Students fall behind and grades plummet, and many even resort to dropping out altogether. Teachers and pupils alike are tormented daily by eternal loading screens and internet connection failure. Online learning material is spurned as a chore, and student engagement diminishes with muted audio and black screens. Though in some ways, fully distant learning could be beneficial in allowing flexibility or self-paced advancement, these advantages are only available to a minority of privileged students.
The switch to online schooling has, in many ways, exposed and exacerbated educational inequalities and has laid bare the reasons why physical schooling is still so prevalent in a digital age.
Many parents agree that virtual learning is simply not as effective, engaging, or rigorous as schooling in-person. But generally, wealthier students have the opportunity to circumvent these issues and supplement lost education. “School pods,” groups of 3-4 students taught in-person by a privately hired tutor, “will be the purview of the rich (or at least the richer),” whereas those without money or without motivating families are left without the extra leverage.
The effect on Pre-K and kindergarten students is especially detrimental, as younger years are a critical time in development. While some families will have the ability to simulate a school environment by keeping students engaged, reading books, and recreating social connections at home, other disadvantaged or working families will lose out.
Wealthier families often have greater access to the option of private schooling as public schools struggle in maintaining funding, technology, and educational inequality. By enrolling their children in private schools that have the benefits of more manageable class sizes, availability of outdoor spaces for in-person schooling, and funding for COVID-19 tests and sanitizations. Further adding fuel to the fire, the Trump administration is pushing funding for private schools during this time, rather than assisting struggling public schools.
Wealthier, more involved parents will push their children and provide their best education during the pandemic, and are oftentimes “better able to insulate their children against long-term setbacks”. Perhaps a few disadvantaged yet motivated students will persist online. But others, those that really needed this year to boost their grades, or those who are already academically weak, will fall behind online. Without tutoring and possibly without constant familial encouragement, many students may drop out, further widening the achievement gap.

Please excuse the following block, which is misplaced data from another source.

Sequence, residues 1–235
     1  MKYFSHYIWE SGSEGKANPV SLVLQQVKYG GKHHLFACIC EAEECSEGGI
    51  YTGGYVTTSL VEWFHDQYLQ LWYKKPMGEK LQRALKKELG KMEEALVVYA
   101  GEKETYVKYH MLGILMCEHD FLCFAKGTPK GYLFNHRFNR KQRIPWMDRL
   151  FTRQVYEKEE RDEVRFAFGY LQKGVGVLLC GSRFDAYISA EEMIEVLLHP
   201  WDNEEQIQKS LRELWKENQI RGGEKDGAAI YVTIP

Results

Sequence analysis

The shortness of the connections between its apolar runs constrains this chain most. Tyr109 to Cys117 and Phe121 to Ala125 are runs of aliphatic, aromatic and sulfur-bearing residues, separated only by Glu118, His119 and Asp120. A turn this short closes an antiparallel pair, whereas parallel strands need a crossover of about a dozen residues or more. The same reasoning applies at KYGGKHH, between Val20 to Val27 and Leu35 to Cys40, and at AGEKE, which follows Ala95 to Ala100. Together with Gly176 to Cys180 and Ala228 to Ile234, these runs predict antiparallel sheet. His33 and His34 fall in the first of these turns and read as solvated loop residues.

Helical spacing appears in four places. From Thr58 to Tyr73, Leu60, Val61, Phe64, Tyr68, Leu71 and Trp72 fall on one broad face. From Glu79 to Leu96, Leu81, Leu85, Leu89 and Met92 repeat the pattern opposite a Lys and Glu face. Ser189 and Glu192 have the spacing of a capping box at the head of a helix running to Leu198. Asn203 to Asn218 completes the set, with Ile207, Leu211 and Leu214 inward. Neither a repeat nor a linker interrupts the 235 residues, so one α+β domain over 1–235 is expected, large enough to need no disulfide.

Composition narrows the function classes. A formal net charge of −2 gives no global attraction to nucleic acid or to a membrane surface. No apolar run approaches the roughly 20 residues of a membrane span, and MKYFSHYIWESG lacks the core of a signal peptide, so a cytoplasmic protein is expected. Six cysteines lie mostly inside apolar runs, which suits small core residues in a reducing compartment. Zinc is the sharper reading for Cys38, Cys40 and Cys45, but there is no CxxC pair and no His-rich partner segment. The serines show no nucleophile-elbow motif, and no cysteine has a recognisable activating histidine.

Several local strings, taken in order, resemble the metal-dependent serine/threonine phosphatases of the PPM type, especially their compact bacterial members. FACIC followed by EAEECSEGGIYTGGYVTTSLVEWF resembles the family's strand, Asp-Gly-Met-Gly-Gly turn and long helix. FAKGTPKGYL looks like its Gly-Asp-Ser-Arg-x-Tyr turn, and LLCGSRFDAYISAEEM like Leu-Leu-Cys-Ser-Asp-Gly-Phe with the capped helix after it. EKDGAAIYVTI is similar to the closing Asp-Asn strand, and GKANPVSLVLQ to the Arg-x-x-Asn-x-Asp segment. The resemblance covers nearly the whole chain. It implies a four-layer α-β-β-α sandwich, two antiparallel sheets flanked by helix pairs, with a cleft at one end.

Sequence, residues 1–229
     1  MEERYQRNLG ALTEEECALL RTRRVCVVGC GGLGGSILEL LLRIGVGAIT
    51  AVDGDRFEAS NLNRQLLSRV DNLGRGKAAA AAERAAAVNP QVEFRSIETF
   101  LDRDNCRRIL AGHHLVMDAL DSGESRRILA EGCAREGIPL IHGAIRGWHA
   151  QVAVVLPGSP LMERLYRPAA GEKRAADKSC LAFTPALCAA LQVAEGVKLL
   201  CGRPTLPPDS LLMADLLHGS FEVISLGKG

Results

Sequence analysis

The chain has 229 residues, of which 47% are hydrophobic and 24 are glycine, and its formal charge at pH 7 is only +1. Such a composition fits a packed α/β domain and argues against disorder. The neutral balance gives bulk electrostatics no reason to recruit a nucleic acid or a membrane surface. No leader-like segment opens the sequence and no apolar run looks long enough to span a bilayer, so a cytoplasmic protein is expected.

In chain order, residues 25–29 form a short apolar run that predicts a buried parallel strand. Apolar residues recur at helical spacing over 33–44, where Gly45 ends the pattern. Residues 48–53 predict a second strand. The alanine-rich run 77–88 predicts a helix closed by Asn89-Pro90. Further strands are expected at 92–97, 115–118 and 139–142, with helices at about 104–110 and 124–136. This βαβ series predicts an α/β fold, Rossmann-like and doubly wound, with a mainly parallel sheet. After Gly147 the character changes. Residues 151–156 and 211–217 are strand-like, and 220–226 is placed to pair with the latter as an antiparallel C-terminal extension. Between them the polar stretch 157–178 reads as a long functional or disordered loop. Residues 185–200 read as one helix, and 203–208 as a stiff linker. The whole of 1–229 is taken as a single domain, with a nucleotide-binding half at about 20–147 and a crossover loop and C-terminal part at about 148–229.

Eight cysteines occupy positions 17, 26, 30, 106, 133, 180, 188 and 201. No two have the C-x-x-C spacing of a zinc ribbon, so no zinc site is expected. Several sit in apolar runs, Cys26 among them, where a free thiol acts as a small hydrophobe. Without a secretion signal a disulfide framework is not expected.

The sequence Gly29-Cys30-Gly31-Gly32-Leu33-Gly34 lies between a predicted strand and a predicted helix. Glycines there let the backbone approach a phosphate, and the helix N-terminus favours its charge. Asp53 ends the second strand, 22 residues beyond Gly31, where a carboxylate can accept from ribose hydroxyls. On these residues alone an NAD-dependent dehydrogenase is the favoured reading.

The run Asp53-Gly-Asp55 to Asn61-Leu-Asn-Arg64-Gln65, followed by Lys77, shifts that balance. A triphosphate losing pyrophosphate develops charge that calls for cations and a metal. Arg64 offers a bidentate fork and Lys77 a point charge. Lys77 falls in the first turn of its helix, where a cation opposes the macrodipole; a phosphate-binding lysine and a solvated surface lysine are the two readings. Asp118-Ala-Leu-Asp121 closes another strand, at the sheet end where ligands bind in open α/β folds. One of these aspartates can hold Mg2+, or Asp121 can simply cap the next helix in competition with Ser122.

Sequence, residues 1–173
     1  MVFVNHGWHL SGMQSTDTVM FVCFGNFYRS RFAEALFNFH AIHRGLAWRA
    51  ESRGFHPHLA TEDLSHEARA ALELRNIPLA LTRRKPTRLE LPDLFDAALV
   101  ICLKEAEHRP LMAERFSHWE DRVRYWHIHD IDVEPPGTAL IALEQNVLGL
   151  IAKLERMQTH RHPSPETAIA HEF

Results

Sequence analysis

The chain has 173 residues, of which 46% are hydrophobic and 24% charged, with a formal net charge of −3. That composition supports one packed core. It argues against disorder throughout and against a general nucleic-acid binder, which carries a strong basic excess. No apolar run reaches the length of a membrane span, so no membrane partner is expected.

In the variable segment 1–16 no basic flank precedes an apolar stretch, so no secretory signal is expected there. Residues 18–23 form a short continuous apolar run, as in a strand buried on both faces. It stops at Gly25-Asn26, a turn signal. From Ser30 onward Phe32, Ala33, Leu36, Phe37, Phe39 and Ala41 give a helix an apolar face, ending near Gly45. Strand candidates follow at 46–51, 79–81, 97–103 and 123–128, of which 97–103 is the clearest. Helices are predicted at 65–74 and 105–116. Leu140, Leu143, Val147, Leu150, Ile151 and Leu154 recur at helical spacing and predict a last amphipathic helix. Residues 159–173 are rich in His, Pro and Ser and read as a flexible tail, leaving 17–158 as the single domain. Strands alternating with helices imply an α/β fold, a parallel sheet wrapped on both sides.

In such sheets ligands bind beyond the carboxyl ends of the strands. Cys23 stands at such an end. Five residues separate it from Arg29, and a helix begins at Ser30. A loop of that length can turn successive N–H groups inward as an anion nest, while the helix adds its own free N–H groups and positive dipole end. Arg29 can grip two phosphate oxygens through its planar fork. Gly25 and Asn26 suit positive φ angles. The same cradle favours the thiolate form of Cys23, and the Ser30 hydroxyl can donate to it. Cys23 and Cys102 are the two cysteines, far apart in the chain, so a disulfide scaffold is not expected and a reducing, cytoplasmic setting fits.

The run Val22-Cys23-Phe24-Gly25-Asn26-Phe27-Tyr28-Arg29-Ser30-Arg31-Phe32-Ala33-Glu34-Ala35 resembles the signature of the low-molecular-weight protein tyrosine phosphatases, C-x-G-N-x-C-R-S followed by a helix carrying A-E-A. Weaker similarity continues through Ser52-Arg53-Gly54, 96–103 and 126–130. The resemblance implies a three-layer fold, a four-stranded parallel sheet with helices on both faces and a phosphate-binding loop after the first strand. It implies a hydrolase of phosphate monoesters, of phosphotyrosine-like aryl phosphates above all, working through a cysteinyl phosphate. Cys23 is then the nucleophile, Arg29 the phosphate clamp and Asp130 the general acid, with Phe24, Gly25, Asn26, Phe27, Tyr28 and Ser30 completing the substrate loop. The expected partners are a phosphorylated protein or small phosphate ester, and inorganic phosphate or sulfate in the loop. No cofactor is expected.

Discrepancies in infection rates play another role in this growing educational chasm. Ethnic minority groups are more prone to infection and hospitalization with COVID-19, as many people of color hold higher-risk essential occupations, have lesser access to health care, and already experience income inequities. Students of color are, therefore, more likely to miss instruction and fall behind if they get sick or need to protect sick family members. Studies show that while an “average student could fall seven months behind academically,” Black and Hispanic students are projected to experience even greater losses, “equivalent to 10 months for black children and nine months for Latinos”.
Pre-existing technological disparities further the divergence in education between lower-income and upper-class families. With fewer options for after-school tutoring, library access, computer labs, or free wifi, students without sufficient options at home will struggle. Although some schools may provide technology to those in need, a school-provided device cannot ensure a stable internet connection or learning environment.
However, there are so many ways that schools can prevent the continuation of such disparities. The root cause of many of these problems lies in insufficient funding for schools and districts to best support all students regardless of financial background, and as such, this is an area in which both community and government support is necessary. For teachers facilitating remote learning classrooms, UNESCO also recommends effective digital learning management systems, curriculum platforms, self-directed content, and collaborative apps for students.
Schools should continue to provide technology, recorded zoom meetings, extra office hours, or tutoring sessions for students who may need extra support. Because school for many students provided therapy and nutrition, mental health check-in days as well as meals should continually be provided.
Since many issues with online schooling in the spring arose with the looseness of scheduling in students’ days, distance learning this fall should continue to provide students with a stricter structure to their days. This may encourage students to stay in school and keep them motivated and working.
By adjusting online schooling and providing more inclusive options, schools can minimize the educational disparity COVID-19 is causing.